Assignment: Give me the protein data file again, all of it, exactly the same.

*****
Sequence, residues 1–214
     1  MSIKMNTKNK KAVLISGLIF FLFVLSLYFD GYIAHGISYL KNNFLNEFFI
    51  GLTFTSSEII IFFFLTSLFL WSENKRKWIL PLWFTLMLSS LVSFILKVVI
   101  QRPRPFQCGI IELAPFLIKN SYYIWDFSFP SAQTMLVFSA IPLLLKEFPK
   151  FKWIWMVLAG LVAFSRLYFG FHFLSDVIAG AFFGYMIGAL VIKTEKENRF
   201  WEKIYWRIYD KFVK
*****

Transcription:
Sequence, residues 1–214
     1  MSIKMNTKNK KAVLISGLIF FLFVLSLYFD GYIAHGISYL KNNFLNEFFI
    51  GLTFTSSEII IFFFLTSLFL WSENKRKWIL PLWFTLMLSS LVSFILKVVI
   101  QRPRPFQCGI IELAPFLIKN SYYIWDFSFP SAQTMLVFSA IPLLLKEFPK
   151  FKWIWMVLAG LVAFSRLYFG FHFLSDVIAG AFFGYMIGAL VIKTEKENRF
   201  WEKIYWRIYD KFVK